“He was very responsive, always.”
“She was patient and took the time to explain the process to us in full."
“I was relatively unfamiliar with the home-buying process, and asked a lot of (what felt like) really stupid questions. She answered everything happily and thoroughly.”
What do the reviews of every top agent tell you? When I read these, I see that there is a ton of confusion when buying or selling a home, and a good agent spends most of their time responding to and answering questions (most likely the same ones over and over again). The gist here is that people are looking for a sherpa when they are buying or selling their home. Someone to provide an exceptional experience during what might be the biggest transaction in their lifetime.
As if exceeding client expectations is not hard enough, another challenge the industry is facing is commission compression. And the fact is, commission compression is not going away; and service-oriented agents must do more, not less. So how do you overcome these challenges and continue to grow your business?
I shared a few of my tips at the Realtors Mastery Summit for how you can improve your value (perceived and actual) and position yourself for continued career success despite potentially smaller paychecks per transaction. Here's a sneak peak at some of those big ideas:
- Find a “fair” commission rate that’s mutually fair to both the agent and buyer. There’s no blanket commission rate that will be fair across the board, however, 2.25% to 3.5% is standard. The commission rate should depend on the market and the experience that the agent provides. To determine a fair commission rate, evaluate the experience you provide your client. Strive to be proactive to their needs, not reactive. And remember, your total production is not their problem: too many transactions does not justify a bad experience, and too few does not justify a higher commission.
- Go above and beyond by providing white-glove service to your clients. Whether it be paying for higher quality photography or facilitating higher quality repairs- your due diligence will be apparent. This doesn’t have to be a huge expense. Something as simple as showing up on the move-in day with toilet paper, soap and other necessities speaks volumes (Champagne a month later is nice, but moving is the hardest part of the deal; help make that easier!). Anything you can do to show that your customer is more than a sale will benefit you in the long run.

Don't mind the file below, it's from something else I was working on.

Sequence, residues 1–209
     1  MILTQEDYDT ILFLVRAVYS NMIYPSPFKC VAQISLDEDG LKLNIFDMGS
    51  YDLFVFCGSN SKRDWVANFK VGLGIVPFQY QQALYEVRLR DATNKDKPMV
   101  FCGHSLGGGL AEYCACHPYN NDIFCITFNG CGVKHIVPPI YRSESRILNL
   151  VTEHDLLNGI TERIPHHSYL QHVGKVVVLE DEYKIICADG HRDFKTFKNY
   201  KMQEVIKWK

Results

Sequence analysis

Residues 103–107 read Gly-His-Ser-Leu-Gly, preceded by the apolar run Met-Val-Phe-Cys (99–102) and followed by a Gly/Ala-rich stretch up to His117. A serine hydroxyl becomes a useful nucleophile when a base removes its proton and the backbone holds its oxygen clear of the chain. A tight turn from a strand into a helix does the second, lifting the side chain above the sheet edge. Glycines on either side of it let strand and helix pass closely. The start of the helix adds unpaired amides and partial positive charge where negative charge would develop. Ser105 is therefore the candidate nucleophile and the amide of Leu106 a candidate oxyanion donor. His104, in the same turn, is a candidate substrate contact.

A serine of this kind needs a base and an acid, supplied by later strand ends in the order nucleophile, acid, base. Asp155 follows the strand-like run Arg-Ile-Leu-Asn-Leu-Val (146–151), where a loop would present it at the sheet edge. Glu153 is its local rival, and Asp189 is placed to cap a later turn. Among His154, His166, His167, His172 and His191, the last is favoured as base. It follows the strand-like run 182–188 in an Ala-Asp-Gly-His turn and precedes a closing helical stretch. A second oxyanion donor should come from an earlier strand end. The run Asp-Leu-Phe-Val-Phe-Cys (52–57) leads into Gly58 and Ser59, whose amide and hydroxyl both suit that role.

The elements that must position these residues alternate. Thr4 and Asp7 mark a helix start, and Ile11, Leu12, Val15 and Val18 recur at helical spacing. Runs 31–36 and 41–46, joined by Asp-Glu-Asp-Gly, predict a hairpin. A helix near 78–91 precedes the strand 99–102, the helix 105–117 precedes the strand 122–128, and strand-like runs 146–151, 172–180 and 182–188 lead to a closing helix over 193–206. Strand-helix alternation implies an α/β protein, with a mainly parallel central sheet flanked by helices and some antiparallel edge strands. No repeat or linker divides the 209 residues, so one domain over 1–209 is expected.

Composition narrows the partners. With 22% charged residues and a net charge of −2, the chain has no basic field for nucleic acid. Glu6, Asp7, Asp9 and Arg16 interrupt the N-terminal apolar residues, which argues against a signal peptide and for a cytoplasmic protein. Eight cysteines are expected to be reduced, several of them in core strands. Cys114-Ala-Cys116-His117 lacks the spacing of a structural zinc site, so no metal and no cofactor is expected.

- The buying process can be very confusing for first-time buyers. If buyers are concerned, agents should take the time to educate them on the process of commission pay and buying a home. This is a great opportunity to start nurturing the subsequent sale of their home. For example, if you find a home with a low buyer’s agent’s commission, let your client know that the home is likely to be less competitive and that you may be able to negotiate a better price, given lower competition. This builds goodwill and plants the seed that higher commissions pay dividends.
- Ease seller's concerns by providing a transparent selling experience. Some sellers assume that they can do what realtors do, but this is because they assume agents are only doing a fraction of what they are. Digital transaction calendars like Clozio help bridge that education gap of the value you are providing and all the work that is actually going into the deal. Consider also providing variable service levels, which allows the client to choose from different outcomes and understand what goes into each level. Once “service tiers” are outlined (from FSBO’s Listing only service to full service), clients will typically up-sell themselves. But if not, you can save yourself a significant amount of time while saving your client money!
- Delegate and destress. You can’t be everywhere at the same time, and you shouldn’t have to be up all night sending late night texts to your clients. For you to do more volume, you have to get ahead of your todo lists across all of your transactions. Invest in that assistant now, or contract out that work to an agent concierge service like Clozio.
- Most importantly- Don’t ignore the things that your client values. Spend more of your time doing the things that your clients think is important and find tools and resources to make the other tasks less burdensome. For example, clients value walking through a Comparative Market Analysis, not the effort that goes into creating it. If you can prepare a CMA in five minutes instead of two hours, you’ll have more time to spend delighting your clients.
To be successful, agents must put clients first, and the agents who provide consistent value will rise to the top. A little extra time and effort will go a long way and ensure you bring home that bigger paycheck and earn more referrals.
You can find me discussing this topic on the Realtors Mastery Summit on October 10th, along with 20+ other experts in the real estate industry. You can register for a free ticket here.